Brownwood and Brown County should stand out in U.S. Rep. Mike Conaway’s memories of the 2007 summer break. That’s because citizens here turned out and made last week’s town hall meeting one of the largest in his district. That came on the heels of last year’s meeting when no more than 12 people attended a similar event.

During the meeting, and a visit with the Bulletin’s editorial board, the majority of the congressman’s comments regarded the ongoing war in Iraq. Conaway said in both meetings that many of his constituents still believe strongly in our nation’s military and support the men and women in the armed services. What’s changed during his time in office is that he is being asked more questions about the logic behind the war and how success will ultimately be defined. Conaway faced some difficult questions during the public meeting, and probably had his earlier opinion reinforced.

Most politicians play their cards close to the vest when it comes to challenging party loyalties by voting with the opposition or when endorsing candidates from their own party, particularly when the field of presidential hopefuls is as large as it currently is. Conaway said last week that he supports, and has even campaigned for, former Massachuetts Gov. Mitt Romney. The decision came after an intimate meeting in Austin last fall and was reinforced during the recent Iowa Republican Straw Poll. “We just talked about what it was to being a human being. After our meeting I saw him meet with a larger group, and he was the same with them as he was with us. It was the strength of that, that night,” Conaway said.

But he also allowed that the campaign season is too long and that no one except retailers in a few states actually looks forward to an almost constant campaign. The answer is hard to pin down, he said, because it is difficult in a democracy to prevent a candidate from announcing the intention to run for office and then to actively seek it.

The parties appear to be trying to gain some control of the system, with the Democratic Party recently threatening to block Florida’s delegates from the national convention next year if it goes ahead with plans for an early primary election.

One of the real pitfalls from perpetual campaigning is that it often gets in the way of the actual process of governing our nation. The constant back and forth battles based solely on partisan differences are designed primarily to gain seats in the House or Senate, giving one party or the other a majority. “It’s all consuming to get the majority back rather than tend to the people’s business,” Conaway said of his own party. “Partisanship unnecessarily taints the process.” That’s pretty obvious to those of us who live outside the Beltway — hopefully Conaway is sincere when he talks about his being frustrated by the partisanship.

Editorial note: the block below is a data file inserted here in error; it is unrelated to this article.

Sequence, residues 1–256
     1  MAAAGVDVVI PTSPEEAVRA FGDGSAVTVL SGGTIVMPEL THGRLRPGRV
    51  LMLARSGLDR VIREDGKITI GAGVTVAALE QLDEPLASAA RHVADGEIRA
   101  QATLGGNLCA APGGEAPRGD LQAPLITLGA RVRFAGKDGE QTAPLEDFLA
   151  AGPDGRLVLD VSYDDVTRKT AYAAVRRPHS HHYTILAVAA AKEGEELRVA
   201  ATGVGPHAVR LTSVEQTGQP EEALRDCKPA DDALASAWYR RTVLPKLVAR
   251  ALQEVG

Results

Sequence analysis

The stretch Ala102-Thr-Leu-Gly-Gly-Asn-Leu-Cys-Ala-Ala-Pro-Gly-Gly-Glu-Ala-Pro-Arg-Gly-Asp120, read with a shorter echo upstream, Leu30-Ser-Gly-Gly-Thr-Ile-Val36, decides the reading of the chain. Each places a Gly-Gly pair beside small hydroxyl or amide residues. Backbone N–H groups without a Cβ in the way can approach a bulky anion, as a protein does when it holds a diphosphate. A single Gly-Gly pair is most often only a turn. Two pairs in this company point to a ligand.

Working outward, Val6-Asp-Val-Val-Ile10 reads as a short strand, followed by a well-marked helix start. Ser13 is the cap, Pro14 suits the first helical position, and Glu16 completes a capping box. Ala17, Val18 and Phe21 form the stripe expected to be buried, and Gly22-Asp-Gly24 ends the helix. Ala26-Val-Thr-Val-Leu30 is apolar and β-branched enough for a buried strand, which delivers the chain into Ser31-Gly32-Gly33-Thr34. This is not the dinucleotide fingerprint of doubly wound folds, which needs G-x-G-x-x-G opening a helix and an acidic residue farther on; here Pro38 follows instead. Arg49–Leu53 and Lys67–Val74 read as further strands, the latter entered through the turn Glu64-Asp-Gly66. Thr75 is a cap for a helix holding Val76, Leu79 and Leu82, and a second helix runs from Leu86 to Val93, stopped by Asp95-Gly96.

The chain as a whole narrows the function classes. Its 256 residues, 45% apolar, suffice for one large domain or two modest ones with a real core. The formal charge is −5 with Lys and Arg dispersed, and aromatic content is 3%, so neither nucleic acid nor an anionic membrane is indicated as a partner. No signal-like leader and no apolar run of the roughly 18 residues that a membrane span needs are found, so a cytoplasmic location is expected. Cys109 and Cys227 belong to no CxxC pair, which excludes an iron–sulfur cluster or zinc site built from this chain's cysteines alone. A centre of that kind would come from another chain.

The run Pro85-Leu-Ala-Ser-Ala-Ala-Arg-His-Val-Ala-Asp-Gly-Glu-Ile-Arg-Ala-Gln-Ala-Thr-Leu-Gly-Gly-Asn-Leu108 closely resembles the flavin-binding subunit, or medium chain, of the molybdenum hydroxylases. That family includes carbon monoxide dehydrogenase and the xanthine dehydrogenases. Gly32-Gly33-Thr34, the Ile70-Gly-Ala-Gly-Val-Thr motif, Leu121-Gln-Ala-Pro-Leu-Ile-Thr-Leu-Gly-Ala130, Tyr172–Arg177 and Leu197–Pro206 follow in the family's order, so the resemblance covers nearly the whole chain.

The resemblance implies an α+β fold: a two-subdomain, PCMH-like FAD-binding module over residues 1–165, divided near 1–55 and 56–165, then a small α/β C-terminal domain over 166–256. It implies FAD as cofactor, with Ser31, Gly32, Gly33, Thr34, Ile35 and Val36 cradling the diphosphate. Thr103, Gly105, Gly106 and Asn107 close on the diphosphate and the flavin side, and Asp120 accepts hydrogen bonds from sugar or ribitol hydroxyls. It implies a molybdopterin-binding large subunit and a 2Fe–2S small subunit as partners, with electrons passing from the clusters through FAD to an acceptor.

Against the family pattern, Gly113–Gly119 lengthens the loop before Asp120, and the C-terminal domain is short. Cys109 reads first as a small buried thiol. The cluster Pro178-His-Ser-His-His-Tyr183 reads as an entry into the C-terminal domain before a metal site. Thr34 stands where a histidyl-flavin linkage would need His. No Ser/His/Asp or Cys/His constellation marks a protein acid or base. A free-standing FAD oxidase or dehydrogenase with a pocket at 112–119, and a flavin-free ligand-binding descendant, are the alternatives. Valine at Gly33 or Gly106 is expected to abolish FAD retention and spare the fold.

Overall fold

For many of us, it seems difficult to believe that the next national elections are more than 14 months away. That’s a long time for situations to change in our nation’s Capitol, along with the positions our politicians take. In just the last 24 hours, embattled Attorney General Alberto Gonzales tendered his resignation and Senator Larry Craig is answering questions about a his guilty plea to lewd conduct in an airport men’s room. How will those incidents affect the Republican Party’s position, if they do at all? What would our own congressman say about those issues and his party’s message in response?

Unfortunately, as citizens, our opportunities to ask those questions in person are too rare. That’s why last week’s turnout for Conaway’s meeting was so important — and hopefully something he won’t soon forget.

Bill Crist is associate publisher of the Brownwood Bulletin. His column appears on Wednesday. He may be reached by e-mail at